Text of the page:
UK studio Corstorphine & Wright has transformed a world conflict two bunker in Dorset, UK, into a vacation dwelling with a blast-shaped window lower in its entrance.
Overlooking the English Channel close to the village of Ringstead, the two-bedroom vacation dwelling occupies a bunker constructed as a part of the Chain Residence radar detection system in 1939.
Corstorphine & Wright labored with structural engineer Symmetrys to take care of a way of historical past by retaining virtually all the present construction.
“We needed to repurpose the derelict construction as a vacation dwelling, however achieve this in such a method that enables the historical past and historic significance of the constructing to be learn and skilled by anyone staying within the constructing,” Corstorphine & Wright director Jonny Plant advised Dezeen.
“Regardless of the bodily challenges, a very powerful factor for us as designers was to inform the story of the bunker. Had we plastered and painted the partitions, put in normal fittings and timber flooring, all sense of the unique constructing would have been misplaced,” he continued.
“It’s crucial that once you keep within the bunker, you might be conscious that you’re staying in a bunker, not some other vacation dwelling and that you’re experiencing historical past.”
Whereas nearly all of the construction of the 76-square-metre bunker was retained and left uncovered, the studio lower a big gap within the entrance wall to behave as a window.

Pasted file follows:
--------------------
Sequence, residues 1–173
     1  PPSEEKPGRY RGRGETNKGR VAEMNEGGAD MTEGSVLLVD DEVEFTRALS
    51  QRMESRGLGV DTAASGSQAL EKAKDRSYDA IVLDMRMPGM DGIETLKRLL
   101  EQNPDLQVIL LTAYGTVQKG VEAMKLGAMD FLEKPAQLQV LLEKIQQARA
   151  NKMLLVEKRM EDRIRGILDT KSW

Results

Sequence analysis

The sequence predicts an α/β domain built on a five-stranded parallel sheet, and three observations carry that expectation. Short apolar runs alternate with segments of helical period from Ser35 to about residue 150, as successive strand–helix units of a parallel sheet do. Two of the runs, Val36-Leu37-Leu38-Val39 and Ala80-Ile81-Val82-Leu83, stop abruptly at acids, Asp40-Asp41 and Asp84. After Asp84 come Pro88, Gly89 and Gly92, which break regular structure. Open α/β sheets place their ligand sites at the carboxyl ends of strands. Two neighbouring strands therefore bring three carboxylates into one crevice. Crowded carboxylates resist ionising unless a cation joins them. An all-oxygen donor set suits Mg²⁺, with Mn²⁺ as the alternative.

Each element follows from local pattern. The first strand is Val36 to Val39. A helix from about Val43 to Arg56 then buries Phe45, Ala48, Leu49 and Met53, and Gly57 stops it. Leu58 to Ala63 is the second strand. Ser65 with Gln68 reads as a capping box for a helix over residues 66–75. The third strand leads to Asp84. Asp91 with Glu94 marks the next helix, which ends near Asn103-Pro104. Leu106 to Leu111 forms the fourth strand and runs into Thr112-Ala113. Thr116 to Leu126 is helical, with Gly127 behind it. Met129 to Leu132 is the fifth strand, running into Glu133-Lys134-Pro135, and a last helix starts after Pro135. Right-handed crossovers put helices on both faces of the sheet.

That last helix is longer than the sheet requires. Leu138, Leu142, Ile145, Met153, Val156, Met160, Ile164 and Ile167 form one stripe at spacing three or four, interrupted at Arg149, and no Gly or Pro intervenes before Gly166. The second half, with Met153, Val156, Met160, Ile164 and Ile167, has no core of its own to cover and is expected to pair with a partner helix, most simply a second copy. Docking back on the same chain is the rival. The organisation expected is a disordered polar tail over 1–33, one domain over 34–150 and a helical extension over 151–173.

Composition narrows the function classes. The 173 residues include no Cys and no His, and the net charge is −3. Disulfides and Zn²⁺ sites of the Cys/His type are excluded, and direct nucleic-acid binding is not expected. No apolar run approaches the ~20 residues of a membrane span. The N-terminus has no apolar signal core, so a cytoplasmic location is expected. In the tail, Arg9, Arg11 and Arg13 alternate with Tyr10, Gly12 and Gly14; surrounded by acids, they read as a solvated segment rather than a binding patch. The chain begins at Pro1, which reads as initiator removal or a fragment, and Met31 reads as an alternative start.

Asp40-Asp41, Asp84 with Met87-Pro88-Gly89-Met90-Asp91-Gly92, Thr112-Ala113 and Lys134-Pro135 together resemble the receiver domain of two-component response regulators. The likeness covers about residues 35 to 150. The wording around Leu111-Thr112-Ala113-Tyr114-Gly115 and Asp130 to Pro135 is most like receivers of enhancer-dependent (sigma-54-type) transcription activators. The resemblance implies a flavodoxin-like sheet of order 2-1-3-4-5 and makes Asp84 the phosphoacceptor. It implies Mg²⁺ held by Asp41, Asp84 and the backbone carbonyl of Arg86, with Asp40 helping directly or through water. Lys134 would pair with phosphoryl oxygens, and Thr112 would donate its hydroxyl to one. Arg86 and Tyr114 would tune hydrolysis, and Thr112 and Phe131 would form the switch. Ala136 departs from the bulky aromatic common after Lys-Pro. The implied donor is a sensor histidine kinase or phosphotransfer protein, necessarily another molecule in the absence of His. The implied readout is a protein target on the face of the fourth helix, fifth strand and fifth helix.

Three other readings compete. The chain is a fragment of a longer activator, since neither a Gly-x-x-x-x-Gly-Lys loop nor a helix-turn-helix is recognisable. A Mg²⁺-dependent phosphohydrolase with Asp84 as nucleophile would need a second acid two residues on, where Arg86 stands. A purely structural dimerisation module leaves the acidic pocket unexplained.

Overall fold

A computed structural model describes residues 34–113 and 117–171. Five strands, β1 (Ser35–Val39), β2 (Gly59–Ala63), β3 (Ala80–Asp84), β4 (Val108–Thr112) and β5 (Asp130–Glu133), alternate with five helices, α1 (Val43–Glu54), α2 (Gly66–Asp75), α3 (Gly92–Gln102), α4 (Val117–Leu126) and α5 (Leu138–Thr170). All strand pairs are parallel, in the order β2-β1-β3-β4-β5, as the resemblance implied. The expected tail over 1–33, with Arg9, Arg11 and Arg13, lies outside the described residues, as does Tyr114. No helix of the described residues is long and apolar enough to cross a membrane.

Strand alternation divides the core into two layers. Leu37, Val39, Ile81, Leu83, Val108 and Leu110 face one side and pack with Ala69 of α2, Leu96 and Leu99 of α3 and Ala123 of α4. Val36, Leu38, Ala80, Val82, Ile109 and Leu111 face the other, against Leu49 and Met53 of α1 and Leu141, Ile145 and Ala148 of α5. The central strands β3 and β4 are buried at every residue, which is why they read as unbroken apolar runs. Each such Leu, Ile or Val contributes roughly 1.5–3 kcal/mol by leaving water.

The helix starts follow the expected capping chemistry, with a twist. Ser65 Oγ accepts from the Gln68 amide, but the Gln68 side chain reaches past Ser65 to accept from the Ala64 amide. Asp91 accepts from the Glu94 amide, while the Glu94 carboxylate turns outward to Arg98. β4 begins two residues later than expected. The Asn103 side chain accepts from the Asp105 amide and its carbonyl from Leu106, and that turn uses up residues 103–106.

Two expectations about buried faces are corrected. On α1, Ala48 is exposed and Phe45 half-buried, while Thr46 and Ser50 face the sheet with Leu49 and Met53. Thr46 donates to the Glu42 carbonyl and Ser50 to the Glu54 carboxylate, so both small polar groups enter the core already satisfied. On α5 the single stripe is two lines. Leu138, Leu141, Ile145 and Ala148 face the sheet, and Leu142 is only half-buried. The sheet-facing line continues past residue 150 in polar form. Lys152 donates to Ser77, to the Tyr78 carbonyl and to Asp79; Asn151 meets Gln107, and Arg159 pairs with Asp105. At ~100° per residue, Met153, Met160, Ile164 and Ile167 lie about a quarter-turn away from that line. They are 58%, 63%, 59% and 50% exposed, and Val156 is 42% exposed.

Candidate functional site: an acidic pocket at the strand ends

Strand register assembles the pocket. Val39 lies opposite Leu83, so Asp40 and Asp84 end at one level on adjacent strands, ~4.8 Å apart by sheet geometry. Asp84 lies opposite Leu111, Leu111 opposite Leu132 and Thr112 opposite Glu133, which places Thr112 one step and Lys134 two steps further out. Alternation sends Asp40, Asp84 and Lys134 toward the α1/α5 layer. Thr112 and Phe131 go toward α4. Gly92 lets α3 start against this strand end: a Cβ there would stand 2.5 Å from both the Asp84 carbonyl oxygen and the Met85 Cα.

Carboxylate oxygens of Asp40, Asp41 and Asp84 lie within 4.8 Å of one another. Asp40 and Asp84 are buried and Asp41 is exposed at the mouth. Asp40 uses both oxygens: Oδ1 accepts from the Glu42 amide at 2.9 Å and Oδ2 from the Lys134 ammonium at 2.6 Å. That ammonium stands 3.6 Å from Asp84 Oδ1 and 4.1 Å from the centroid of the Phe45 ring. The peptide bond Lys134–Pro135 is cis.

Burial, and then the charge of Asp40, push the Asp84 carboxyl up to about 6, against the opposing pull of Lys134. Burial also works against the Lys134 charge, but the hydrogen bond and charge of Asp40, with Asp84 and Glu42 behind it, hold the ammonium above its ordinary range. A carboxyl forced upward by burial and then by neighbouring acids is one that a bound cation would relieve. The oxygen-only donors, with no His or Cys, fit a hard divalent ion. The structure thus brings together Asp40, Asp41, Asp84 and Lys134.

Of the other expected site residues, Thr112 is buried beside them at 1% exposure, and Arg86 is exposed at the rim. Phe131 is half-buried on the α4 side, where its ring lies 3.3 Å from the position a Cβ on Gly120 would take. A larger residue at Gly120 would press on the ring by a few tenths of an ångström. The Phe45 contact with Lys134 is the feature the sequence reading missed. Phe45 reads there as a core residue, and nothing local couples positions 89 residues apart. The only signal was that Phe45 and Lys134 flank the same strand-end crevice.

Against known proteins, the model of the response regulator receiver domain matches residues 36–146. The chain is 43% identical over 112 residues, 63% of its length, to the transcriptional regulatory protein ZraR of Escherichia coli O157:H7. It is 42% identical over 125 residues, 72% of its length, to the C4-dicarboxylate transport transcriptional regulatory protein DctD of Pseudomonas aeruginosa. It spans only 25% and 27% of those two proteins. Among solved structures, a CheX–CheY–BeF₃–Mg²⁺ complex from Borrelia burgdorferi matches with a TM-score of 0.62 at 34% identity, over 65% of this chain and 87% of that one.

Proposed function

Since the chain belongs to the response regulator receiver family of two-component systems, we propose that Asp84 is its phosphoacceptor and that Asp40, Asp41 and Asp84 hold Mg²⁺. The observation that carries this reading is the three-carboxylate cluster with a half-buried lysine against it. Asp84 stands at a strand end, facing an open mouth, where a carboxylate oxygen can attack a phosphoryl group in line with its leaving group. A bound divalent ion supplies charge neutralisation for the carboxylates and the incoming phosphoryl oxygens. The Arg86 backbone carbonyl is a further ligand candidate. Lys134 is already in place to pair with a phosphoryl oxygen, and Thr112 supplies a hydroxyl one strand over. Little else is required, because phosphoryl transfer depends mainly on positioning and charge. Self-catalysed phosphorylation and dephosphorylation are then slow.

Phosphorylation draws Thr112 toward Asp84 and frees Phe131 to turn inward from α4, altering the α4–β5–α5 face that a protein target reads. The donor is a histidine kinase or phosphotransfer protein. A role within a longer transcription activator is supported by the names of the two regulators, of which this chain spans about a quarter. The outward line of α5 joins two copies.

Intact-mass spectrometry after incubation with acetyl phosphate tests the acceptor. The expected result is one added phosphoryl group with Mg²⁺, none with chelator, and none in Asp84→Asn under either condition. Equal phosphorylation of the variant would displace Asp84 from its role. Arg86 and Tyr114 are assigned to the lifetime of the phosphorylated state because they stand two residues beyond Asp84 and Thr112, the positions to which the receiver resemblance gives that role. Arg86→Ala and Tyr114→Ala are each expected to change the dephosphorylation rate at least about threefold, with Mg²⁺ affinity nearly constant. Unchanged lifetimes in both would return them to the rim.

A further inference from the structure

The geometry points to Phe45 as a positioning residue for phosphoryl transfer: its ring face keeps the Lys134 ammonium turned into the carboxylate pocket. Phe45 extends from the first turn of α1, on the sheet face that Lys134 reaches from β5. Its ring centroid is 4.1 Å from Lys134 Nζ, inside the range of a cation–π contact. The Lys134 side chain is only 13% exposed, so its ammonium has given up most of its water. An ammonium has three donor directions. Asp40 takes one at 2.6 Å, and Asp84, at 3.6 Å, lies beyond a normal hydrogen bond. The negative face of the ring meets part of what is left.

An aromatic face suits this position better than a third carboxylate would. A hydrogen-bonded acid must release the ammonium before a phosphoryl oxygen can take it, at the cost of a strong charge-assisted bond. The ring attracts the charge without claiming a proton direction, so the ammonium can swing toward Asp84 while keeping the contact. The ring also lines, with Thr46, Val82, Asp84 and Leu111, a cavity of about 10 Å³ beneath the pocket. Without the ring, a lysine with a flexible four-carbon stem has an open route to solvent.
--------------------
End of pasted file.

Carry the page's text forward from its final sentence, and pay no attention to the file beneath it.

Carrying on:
As a playful nod in the direction of the constructing’s wartime historical past, Corstorphine & Wright formed this gap to look like a bomb blast.
“The opening was expressed in a playful design answer referencing a wartime vernacular of a blast opening,” defined Plant.
“The blast opening is a playful answer, technically difficult and is an actual speaking level. Our proposals had been strongly supported by stakeholders who, like us, appreciated that such a singular construction with a wealthy wartime historical past required a daring strategy.”
Inside the bunker, rooms are organized across the central residing house, which comprises a log-burning range, seating and a eating desk.
The principle bed room is separated from the lounge by a glass door, whereas the kitchen, second bed room and toilet had been positioned within the rooms both facet. A second, smaller bomb-blast opening was created to permit mild into the second bed room.
Corstorphine & Wright needed the interiors to retain the character of the constructing whereas making it comfy to company. The concrete partitions had been left uncovered and a refined concrete ground was laid all through the vacation dwelling.
“By not making use of any finishes to the within of the structural concrete, we had been in a position to retain the sensation of a bunker,” mentioned Plant.
“This meant waterproofing and insulating the constructing from the surface. A brand new insulated, polished concrete ground with underfloor heating all through supplies a snug atmosphere together with the brand new furnishings and joinery,” he continued.
“The concrete has a naturally heat hue, possible as a result of native Portland stone quarries, which mixed with the brand new lighting and log burner present a welcoming heat to the areas.”
The venture was initially designed by UK studio Lipton Plant, which has since merged with Corstorphine & Wright.
Different bunkers which were transformed into vacation houses embrace this one within the Netherlands, whereas Petr Hájek Architekti created a pet crematorium inside a Chilly Conflict bunker within the Czech Republic and South Korean studio CoRe Architects reworked a tank bunker close to Seoul right into a artistic hub.
The images is by Will Scott.
Architect: Corstorphine & Wright
Structural engineer: Symmetrys
Amount surveyor: Tim Richards